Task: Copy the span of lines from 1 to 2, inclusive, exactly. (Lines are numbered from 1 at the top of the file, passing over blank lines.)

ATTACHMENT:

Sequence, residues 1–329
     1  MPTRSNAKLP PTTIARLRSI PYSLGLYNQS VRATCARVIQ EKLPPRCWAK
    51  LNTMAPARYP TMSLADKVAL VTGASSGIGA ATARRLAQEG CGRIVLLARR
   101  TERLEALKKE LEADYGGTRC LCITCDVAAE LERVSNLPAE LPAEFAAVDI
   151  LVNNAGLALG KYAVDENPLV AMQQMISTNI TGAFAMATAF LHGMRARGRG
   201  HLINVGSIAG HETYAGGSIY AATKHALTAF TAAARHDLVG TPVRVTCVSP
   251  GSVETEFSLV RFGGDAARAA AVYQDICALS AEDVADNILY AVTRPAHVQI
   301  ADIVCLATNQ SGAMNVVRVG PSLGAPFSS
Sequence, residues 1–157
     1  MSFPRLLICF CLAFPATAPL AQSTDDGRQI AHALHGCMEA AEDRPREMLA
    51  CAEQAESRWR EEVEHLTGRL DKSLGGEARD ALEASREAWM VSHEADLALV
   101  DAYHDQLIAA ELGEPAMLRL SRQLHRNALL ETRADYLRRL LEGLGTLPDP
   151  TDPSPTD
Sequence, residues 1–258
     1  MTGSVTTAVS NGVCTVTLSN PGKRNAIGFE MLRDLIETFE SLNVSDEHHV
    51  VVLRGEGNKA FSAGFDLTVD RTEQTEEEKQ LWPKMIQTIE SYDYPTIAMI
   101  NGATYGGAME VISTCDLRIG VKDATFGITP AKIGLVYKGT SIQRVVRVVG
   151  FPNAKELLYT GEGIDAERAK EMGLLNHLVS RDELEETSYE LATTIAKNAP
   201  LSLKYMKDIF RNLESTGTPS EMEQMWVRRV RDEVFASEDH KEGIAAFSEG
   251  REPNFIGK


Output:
Sequence, residues 1–329
     1  MPTRSNAKLP PTTIARLRSI PYSLGLYNQS VRATCARVIQ EKLPPRCWAK